German Omicron Gloom Confronts New Bundesbank Chief Nagel
Joachim Nagel could have wished for a less gloomy start as Bundesbank chief.
Additionally, Germany will on Friday become the first Group of Seven economy to report 2021 gross domestic product data, that might point to a contraction in the final three months of the year.
Still, analysts are expecting the economy to rebound, with the Bundesbank predicting an expansion of 4.2% in 2022.
Finance Minister Christian Lindner is also set to present figures showing new borrowing was 10 billion euros ($11.3 billion) less than budgeted last year thanks to higher tax revenue.
That’s the backdrop as Nagel takes his seat on the European Central Bank Governing Council, where he will be thrust into the debate on whether a tougher stance is needed to combat the fastest consumer-price growth since the euro was created.
The jury remains out on whether the coronavirus’s omicron variant will dull inflation by weighing on Europe’s economic recovery or fuel it by exacerbating existing supply-chain disruptions.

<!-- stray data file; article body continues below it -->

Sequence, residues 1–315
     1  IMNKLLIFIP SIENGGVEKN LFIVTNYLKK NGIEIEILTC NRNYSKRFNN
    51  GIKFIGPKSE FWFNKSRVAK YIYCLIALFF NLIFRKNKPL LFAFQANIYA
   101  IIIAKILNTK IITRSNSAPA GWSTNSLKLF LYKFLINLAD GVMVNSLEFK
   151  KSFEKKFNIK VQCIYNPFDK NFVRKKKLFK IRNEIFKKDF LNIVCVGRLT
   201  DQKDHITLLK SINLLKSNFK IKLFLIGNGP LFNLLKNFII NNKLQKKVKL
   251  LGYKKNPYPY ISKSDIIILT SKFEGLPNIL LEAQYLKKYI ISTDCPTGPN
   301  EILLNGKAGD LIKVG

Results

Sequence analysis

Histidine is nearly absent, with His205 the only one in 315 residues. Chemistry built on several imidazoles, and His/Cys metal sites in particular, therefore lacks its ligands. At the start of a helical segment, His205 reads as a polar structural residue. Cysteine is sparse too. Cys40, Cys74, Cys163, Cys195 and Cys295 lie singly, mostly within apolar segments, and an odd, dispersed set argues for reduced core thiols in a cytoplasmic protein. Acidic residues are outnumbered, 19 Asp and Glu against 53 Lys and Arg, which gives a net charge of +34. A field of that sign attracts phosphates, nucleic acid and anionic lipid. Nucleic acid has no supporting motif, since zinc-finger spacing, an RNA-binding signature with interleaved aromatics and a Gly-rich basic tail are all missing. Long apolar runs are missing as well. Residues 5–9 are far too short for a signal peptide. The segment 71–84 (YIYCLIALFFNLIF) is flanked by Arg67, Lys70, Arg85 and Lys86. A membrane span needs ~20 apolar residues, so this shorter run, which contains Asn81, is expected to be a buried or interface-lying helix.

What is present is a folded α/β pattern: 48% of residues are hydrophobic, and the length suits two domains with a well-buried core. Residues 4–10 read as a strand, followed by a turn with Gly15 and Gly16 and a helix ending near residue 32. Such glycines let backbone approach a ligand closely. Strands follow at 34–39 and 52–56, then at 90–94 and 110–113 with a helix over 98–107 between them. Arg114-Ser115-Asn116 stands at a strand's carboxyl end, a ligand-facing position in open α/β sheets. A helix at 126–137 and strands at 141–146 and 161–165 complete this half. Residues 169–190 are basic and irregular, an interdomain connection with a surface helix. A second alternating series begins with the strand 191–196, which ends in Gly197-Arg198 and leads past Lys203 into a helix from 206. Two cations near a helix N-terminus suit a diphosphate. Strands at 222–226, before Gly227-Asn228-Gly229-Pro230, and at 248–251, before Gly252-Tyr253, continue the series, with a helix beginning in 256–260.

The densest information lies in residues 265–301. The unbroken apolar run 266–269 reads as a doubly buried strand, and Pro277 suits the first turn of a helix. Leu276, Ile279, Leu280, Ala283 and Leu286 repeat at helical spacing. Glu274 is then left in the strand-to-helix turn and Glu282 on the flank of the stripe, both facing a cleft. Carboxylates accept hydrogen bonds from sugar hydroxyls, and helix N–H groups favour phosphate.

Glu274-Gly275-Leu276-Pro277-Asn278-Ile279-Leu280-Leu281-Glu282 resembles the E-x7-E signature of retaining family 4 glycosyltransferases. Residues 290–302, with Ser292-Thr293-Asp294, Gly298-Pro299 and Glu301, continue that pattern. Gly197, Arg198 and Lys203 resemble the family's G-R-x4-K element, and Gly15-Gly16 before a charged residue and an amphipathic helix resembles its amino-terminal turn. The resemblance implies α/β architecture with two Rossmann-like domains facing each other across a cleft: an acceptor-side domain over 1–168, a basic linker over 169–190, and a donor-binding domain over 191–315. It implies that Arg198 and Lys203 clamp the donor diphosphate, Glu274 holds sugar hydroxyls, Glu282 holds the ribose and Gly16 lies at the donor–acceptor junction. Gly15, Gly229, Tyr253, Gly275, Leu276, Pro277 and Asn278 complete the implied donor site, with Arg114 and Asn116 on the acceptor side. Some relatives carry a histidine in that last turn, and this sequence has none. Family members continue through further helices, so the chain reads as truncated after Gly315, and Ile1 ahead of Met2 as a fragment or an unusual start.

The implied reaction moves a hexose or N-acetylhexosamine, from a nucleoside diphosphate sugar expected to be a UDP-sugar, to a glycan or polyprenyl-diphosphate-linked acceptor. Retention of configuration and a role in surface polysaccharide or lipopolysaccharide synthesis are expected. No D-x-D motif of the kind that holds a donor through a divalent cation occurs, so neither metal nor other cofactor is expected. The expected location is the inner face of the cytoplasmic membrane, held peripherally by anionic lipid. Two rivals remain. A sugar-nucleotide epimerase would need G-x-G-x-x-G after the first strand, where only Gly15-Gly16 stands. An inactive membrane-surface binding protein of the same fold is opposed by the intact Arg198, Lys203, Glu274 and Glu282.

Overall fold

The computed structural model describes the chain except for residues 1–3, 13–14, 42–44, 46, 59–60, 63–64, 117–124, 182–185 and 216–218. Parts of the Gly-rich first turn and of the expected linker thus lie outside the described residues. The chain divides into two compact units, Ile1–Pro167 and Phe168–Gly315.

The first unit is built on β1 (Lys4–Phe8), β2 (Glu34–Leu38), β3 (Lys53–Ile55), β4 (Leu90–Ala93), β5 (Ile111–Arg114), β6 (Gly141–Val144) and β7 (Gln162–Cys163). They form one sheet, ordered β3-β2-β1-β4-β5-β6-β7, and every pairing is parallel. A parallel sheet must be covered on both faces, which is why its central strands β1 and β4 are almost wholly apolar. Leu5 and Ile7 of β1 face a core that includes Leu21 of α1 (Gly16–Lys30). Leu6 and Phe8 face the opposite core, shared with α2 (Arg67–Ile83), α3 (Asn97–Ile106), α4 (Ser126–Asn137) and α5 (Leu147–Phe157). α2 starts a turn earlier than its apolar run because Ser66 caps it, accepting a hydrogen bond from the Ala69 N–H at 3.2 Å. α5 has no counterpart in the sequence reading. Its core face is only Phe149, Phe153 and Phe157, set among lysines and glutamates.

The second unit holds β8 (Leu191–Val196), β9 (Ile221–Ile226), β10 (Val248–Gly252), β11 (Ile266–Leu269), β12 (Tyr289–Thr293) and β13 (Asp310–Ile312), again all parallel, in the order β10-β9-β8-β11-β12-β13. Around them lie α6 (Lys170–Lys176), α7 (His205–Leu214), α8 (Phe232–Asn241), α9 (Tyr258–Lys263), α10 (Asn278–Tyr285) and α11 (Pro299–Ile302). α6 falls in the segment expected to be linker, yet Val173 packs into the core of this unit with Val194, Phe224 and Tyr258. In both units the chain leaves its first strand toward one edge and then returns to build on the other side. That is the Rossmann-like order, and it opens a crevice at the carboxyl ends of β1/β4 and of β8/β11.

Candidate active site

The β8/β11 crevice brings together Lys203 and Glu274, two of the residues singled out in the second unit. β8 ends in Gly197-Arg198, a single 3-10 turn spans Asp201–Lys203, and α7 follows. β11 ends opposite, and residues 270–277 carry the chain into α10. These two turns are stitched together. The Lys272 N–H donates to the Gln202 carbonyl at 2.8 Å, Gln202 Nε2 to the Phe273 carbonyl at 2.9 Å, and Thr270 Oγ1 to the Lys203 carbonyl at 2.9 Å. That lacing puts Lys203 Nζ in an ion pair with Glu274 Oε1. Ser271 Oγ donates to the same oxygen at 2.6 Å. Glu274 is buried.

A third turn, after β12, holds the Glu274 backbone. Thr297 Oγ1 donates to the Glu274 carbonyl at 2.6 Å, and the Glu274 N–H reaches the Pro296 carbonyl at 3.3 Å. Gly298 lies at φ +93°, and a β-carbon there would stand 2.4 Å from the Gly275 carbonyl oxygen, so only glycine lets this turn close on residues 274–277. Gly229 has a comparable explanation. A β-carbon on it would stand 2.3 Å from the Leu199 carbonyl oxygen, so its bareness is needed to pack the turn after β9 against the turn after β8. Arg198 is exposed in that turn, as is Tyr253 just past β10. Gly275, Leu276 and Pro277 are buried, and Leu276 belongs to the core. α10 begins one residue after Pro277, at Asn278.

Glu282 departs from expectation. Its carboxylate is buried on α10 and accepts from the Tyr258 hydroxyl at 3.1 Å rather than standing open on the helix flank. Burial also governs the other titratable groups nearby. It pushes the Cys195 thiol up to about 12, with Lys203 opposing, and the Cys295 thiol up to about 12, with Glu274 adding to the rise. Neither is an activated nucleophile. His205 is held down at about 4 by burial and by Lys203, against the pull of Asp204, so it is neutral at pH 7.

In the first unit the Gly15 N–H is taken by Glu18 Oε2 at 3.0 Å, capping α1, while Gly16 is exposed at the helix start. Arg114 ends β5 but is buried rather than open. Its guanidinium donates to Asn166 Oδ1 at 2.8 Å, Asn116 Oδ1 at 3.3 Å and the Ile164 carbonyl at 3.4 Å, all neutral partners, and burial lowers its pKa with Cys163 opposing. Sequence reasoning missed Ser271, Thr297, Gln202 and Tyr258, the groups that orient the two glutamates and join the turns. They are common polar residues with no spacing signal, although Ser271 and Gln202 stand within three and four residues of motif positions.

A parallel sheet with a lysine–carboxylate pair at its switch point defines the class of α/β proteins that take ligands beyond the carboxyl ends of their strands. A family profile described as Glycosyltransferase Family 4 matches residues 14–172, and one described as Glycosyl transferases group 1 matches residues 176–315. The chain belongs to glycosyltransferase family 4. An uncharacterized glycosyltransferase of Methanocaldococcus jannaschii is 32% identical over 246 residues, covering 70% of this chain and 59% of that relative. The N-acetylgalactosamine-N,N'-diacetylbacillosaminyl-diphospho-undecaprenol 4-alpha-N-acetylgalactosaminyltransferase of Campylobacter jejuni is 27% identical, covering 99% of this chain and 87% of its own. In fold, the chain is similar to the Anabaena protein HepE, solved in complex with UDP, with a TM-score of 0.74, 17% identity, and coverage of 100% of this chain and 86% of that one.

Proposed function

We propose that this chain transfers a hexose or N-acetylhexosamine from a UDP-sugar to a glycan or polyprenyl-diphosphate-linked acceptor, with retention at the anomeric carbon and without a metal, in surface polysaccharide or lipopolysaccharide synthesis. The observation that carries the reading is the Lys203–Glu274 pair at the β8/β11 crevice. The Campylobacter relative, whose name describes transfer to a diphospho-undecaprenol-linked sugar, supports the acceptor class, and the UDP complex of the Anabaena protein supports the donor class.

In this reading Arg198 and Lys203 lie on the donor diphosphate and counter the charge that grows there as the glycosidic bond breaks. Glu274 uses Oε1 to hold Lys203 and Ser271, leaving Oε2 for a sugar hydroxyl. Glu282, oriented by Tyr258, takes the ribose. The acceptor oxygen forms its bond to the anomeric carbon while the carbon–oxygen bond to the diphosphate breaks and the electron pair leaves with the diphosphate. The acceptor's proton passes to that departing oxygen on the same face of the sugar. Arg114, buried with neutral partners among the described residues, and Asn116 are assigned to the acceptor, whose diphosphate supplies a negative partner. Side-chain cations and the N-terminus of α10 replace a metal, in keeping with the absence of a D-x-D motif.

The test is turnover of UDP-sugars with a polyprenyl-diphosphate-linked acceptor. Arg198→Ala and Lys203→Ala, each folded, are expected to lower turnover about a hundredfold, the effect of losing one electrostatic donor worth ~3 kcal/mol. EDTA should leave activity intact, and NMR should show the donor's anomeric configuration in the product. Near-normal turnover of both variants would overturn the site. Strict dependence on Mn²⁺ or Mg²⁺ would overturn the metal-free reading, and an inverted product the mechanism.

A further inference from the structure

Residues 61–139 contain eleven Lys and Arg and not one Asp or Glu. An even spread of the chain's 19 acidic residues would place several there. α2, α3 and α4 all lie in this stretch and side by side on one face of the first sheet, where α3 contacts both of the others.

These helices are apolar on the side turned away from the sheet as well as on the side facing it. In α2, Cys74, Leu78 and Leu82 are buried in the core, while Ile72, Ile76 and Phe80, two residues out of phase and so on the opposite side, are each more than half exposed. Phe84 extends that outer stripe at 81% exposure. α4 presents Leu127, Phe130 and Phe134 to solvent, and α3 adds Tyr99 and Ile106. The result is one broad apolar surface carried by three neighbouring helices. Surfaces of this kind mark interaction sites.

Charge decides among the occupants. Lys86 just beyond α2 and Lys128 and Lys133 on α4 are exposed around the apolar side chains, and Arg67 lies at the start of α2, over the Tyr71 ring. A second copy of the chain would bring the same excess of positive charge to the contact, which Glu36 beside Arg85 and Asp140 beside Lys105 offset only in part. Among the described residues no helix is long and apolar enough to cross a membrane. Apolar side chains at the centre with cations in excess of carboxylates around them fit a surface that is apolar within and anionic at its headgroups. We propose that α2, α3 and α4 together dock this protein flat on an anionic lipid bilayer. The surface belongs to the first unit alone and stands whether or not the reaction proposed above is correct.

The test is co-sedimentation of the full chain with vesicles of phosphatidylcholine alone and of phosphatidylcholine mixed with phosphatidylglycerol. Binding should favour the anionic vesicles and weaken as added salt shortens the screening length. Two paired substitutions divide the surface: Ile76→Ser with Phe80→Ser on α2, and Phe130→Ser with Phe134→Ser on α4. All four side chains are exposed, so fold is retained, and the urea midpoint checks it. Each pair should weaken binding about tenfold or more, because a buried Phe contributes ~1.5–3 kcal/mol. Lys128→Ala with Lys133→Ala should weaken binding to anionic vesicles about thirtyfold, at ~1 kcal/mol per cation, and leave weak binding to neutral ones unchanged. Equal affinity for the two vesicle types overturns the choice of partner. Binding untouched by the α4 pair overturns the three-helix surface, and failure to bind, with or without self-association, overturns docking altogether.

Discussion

Germany may need to tighten restrictions before the next scheduled pandemic-policy meeting on Jan. 24, according to a health expert from the Green party, a member of the ruling coalition. Test requirements for people who haven’t yet gotten booster shoots may need to be widenened nationwide to fitness studios and other areas, Janosch Dahmen told Deutschlandfunk radio.
On Monday, the country reported 375.7 cases per 100,000 people over the past seven days, the highest level in nearly a month. Given the controversy over a general vaccine mandate, the government should move ahead with making shots compulsory for more public-sector employees such as police and teachers, Dahmen said.
Germany’s latest curbs on hospitality came with a pledge to speed up vaccinations, though Chancellor Olaf Scholz acknowledged that case numbers are expected to rise even more. For the economy, a full resumption of component deliveries to factories would go a long way toward boosting growth.
“Germany’s reliance on manufacturing became a weakness as global supply chains gummed up,” said Jamie Rush, chief European economist at Bloomberg Economics. “Once shortages ease, production will be a more reliable driver of growth, and well-hedged gas supplies appear to be sparing consumers the worst of Europe’s energy crisis.”
That prospect for improvement is one comfort for Nagel as he takes office. His tenure started on Friday with an official ceremony hosted by Germany’s president, Frank-Walter Steinmeier.
Another round of formal proceedings will follow on Tuesday, with an hour-long event to usher in his term that will also featuring his predecessor Jens Weidmann, ECB President Christine Lagarde and Lindner.
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